Back to my roots: geographies of slavery heritage tourism & sustainable tourism development policy

It is official now and the cat can go out of the bag. It had been signed and sealed way back in April, 2020. Given the current times we find ourselves in, I consider it a rare privilege and God’s blessing to delightfully share this promotion news with you. From today 1 July, 2020 I am officially an Assistant Professor (tenure track) in Cultural Geography at Wageningen University and Research, the Netherlands. The unfolding global events in the past weeks makes it partly serendipitous and partly unsettling in terms of the focus of my research programme.

Now is the time to consolidate and focus on my primary interest as I build expertise and a research niche. It is going to be a challenge to stay in one or two lanes given how easily I can get distracted with new ideas that keeps driving me into new research topic areas. But I believe my foundation is solid and wide enough to commit myself to building an identifiable research programme.foundation

For this tenure track journey  therefore, I am developing a primary research programme on the geographies of slavery heritage tourism and a  secondary one focusing on sustainable tourism development policy and planning.

In my primary research programme, I am developing the concept of the embodied absence of the past in the context of slavery heritage tourism. I do this by innovatively combining insights from cultural geography, tourism studies and heritage studies. The embodied absence of the past in it’s basic form refer to the physical presence but narrative absence of the shared history and role of people of Africa descent in
European societies. In particular, I focus on investigating the transformative
potential of  the practices and performances of (slavery) heritage tourism in opening up new narratives about slavery’s past and present. I am starting this new research programme with a project that focuses on a comparative study of slavery-related heritage tourism spaces in the Ghana, Suriname and the Netherlands triangle. This is really going back to my research roots and sticking to a topic dear to me. This project builds on my first MSc thesis from 2010, two PhD research proposals from 2011 and 2012 that didn’t get funded and my finally funded PhD thesis.

PhD thesisMSc thesis

As I presented to my BAC promotion interview panel back in April, in developing the above research programme, my research vision is founded on 4 principles: 1) transdisciplinary, 2) methodological innovation, 3) societal relevance and, 4) kind science.

research vision

edu vision

Given my love for teaching, being an Assistant Professor will hopefully give me space to further develop my teaching which is based on 4 education vision principles: 1) open, engaged and interactive, 2) current and relevant, 3) recognising diversity and, 4) providing effective feedforward and feedback. All these principles need unpacking and I aim to blog about these in the future one after the other to explain in details what I mean with these.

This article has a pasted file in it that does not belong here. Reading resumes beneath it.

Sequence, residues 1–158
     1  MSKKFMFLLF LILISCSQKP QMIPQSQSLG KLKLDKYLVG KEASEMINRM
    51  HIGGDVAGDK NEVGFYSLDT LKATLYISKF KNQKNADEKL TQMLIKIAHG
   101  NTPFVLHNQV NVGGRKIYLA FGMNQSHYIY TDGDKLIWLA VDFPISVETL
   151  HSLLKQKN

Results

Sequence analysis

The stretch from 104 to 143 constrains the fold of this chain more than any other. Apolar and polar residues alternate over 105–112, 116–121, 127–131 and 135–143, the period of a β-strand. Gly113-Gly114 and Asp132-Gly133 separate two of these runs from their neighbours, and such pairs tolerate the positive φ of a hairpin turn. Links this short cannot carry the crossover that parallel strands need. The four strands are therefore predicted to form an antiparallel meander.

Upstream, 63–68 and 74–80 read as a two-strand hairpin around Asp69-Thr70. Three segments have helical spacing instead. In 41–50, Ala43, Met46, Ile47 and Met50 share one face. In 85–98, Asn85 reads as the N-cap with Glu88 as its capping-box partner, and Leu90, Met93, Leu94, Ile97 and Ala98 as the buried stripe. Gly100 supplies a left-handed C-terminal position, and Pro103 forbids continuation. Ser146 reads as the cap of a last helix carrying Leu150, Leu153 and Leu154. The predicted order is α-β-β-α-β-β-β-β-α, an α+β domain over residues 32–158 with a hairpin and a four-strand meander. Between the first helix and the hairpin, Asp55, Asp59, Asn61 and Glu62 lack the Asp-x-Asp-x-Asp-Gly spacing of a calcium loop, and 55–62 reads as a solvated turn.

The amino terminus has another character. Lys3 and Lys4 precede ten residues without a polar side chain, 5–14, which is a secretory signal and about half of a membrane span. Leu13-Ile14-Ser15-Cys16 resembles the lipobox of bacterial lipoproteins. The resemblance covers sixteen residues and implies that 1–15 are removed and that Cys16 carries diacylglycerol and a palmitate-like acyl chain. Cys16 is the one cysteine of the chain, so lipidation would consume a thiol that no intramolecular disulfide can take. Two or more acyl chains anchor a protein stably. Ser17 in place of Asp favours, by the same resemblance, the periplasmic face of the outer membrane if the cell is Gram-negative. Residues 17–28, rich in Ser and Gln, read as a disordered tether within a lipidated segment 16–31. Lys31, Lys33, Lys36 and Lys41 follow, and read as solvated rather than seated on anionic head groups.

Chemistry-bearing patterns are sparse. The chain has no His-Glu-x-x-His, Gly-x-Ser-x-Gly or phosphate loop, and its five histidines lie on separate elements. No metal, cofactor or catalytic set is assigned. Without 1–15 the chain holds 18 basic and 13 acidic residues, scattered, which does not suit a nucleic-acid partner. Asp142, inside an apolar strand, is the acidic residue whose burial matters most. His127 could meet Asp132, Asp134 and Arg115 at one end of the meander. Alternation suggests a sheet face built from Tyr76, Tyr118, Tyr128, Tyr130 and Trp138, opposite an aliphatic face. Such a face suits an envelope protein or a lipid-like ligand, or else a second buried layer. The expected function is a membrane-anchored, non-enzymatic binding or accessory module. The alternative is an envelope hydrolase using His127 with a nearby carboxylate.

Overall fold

I am excited about what lies up ahead notwithstanding the known knowns and the many known unknowns in terms of research funding, collaborations, PhD recruitment and getting this research programme up and running. The plan is to gradually expand and scale up the research programme to the study of the practices and performances of/in slavery heritage tourism spaces through a comparative study of selected Africa, American/Caribbean and European countries (France, Spain, Portugal and UK)  with a shared history and heritage of slavery. Ultimately, by exploring the issue of slavery heritage tourism my aim is to show how such practices and performances can be essential for promoting increased cultural understanding and harmonious social living in the increasingly multicultural societies at risk of polarisation – see recent events on #blacklivesmatter #blm.

There is an urgent need to address rising racism, discrimination and intolerance and I want my research to be able to provide insights about sensitive places of remembrance, and the cultural value of (slavery) heritage in stimulating public engagement and in understanding and coming to terms with the past. I will highlight the lived experiences of visitors to slavery-heritage tourism sites, the tensions in these places and the transformative potential of such touristic visitations. I believe the more we tell the stories of the past, the more awareness we generate, the more united we become and the better we can tackle present challenges such as polarisation, racism and discrimination.

I know it aint gonna be easy but I know that God’s grace and love will abound even more. For now, I am trying to clear up outstanding research projects in order to start the next academic year with a ‘clean’ plate to fully focus on getting this research programme up and running. I am open to collaboration in this area and look forward to your support and encouragement.

One thought on “Back to my roots: geographies of slavery heritage tourism & sustainable tourism development policy

  1. Pingback: Veni project is starting today: Slavery, Heritage and Tourism in the Ghana-Suriname-Netherlands Triangle | Emmanuel Akwasi Adu-Ampong

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